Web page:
The infighting began even before Republicans assumed the House majority, as hard-liners opposed and then grudgingly allowed McCarthy to become speaker in January, only to boot him from the job nine months later. But the chaos that ensued has deepened that rift as whisper campaigns and power plays forced the conference to cycle through three speaker nominees in three weeks.
Their fourth nominee, Rep. Mike Johnson (R-LA), could unite the conference when the chamber holds a floor vote shortly after noon on Wednesday. No members voted against him in a roll call vote held after he clinched the nomination.
“He’s done what no one has been able to do before, and that’s unify and consolidate the conference, and that’s why he’s going to be the speaker of the House tomorrow,” said Rep. Jim Banks (R-IN), who opposed the short-lived candidacy of House Majority Whip Tom Emmer (R-MN).
Yet Johnson’s ascent to the speakership is not a guarantee. Three voted “present” in the conference vote, while another 20 or so were absent, making them wild cards heading into Wednesday. In a chamber Republicans control by a paper-thin majority, the opposition of even a few members could tank his candidacy.
Republicans have projected false confidence before. Emmer predicted in no uncertain terms that Rep. Jim Jordan (R-OH), chairman of the Judiciary Committee, would become speaker days before the conference withdrew his nomination. A note of optimism from rank-and-file members similarly preceded Emmer’s own failed bid.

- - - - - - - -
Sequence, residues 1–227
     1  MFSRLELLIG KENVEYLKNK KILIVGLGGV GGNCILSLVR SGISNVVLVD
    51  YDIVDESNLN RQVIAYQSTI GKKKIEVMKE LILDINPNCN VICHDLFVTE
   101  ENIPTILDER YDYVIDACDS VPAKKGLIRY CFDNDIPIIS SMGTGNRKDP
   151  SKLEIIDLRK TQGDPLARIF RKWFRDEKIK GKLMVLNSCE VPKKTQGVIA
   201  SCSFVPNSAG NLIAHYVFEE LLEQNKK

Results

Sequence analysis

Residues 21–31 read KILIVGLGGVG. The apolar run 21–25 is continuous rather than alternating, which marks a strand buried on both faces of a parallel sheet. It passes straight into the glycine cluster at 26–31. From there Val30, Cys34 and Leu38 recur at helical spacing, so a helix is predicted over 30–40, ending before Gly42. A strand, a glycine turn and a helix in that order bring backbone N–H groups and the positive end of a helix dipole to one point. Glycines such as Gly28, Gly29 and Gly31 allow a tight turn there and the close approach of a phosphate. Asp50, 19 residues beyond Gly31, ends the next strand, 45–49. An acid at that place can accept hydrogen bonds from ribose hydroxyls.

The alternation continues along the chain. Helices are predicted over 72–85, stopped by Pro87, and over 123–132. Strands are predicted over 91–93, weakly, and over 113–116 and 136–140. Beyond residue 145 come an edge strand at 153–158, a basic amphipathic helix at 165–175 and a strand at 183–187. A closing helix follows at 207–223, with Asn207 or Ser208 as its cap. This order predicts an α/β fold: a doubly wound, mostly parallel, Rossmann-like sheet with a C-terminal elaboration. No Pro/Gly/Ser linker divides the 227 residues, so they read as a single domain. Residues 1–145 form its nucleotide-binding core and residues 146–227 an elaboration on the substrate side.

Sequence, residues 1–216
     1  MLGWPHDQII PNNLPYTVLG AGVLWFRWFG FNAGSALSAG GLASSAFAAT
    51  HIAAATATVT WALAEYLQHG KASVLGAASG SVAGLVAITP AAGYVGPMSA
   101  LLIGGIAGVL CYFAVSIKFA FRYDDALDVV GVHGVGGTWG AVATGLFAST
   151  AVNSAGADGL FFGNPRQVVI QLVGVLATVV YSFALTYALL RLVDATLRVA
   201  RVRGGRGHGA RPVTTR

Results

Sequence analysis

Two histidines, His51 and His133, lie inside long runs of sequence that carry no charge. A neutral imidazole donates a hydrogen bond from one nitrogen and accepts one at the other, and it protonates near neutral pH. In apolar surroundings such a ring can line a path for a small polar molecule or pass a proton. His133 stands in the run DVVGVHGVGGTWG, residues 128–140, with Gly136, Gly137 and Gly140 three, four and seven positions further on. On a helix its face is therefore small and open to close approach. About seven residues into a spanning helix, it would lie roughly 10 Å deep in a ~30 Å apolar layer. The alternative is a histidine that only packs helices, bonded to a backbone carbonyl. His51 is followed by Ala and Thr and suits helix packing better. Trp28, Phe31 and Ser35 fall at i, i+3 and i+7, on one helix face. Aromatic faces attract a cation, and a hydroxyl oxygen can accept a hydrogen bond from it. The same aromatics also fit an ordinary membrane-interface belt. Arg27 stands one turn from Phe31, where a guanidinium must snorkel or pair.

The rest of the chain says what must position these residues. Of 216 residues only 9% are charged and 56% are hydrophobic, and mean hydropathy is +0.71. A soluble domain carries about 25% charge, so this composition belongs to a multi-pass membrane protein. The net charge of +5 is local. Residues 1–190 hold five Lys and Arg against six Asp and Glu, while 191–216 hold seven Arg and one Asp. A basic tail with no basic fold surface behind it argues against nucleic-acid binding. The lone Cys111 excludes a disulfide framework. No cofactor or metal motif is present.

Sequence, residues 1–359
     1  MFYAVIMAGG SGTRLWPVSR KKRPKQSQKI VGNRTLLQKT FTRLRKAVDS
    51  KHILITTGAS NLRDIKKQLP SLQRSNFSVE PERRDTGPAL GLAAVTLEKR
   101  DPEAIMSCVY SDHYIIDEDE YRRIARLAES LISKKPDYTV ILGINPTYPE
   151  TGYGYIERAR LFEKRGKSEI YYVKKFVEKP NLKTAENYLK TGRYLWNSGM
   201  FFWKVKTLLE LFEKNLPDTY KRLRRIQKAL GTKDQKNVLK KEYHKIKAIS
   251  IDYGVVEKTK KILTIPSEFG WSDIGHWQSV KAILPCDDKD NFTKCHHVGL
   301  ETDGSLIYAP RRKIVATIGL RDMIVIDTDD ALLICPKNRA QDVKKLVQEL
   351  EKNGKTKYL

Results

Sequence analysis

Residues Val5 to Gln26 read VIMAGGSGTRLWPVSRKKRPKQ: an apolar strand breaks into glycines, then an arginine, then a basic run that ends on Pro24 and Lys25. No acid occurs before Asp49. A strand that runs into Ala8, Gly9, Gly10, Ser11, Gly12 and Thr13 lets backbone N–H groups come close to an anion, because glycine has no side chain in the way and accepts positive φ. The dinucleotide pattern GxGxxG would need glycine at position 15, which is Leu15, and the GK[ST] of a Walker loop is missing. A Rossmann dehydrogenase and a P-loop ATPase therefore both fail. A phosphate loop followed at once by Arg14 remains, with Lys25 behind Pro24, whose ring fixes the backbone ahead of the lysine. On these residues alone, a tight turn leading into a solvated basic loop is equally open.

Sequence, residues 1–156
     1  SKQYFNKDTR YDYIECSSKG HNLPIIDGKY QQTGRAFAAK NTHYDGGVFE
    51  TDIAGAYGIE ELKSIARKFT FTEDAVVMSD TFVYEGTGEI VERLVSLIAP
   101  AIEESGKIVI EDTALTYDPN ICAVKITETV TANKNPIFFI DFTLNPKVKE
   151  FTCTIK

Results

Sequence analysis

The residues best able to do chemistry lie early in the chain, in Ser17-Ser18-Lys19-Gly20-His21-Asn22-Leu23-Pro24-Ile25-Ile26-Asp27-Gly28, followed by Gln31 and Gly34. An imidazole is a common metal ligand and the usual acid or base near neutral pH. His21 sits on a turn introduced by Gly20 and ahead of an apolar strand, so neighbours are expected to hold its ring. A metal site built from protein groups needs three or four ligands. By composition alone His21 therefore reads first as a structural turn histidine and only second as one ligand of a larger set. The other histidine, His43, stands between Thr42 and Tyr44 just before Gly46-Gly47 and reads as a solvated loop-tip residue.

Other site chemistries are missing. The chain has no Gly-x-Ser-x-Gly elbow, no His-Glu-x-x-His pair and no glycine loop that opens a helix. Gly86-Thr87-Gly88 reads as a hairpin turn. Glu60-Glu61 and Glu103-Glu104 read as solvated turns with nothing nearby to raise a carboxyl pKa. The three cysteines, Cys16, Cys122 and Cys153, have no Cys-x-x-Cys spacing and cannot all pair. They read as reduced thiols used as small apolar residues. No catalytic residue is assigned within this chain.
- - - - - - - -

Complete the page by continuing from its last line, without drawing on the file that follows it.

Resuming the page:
In each case, and that of House Majority Leader Steve Scalise (R-LA), a small group of Republicans succeeded in blocking them from the gavel.
The expectation-setting felt different on Tuesday night, however, as the conference invited reporters into the Ways and Means Committee room where the party had spent the better part of 13 hours vetting more than ten candidates for speaker.
There, Johnson stood in front of the podium flanked by Republicans spanning the ideological spectrum, including members of leadership.
“Democracy is messy sometimes, but it is our system,” said Johnson in his first remarks as the speaker designate. “This conference that you see, this House Republican majority, is united.”
The removal of McCarthy’s nameplate in front of the speaker’s office on Tuesday night added to the sense of inevitability.
Three weeks ago, few would have predicted that Johnson would be the man to bridge a festering divide between institutionalists and the party’s right flank. Despite his role in leadership — he became vice chairman of the House Republican Conference in 2021 — Johnson is a lesser-known congressman serving his fourth term in Congress.
But he’s also a staunch conservative, key to satisfying the Freedom Caucus, who has not made the sort of enemies who torpedoed other candidates’ bids.
“Everybody likes the guy,” said Rep. Vern Buchanan (R-FL), who helped block Jordan on the House floor. “There’s nothing negative about him in my mind. Nobody’s perfect. But he’s pretty close.”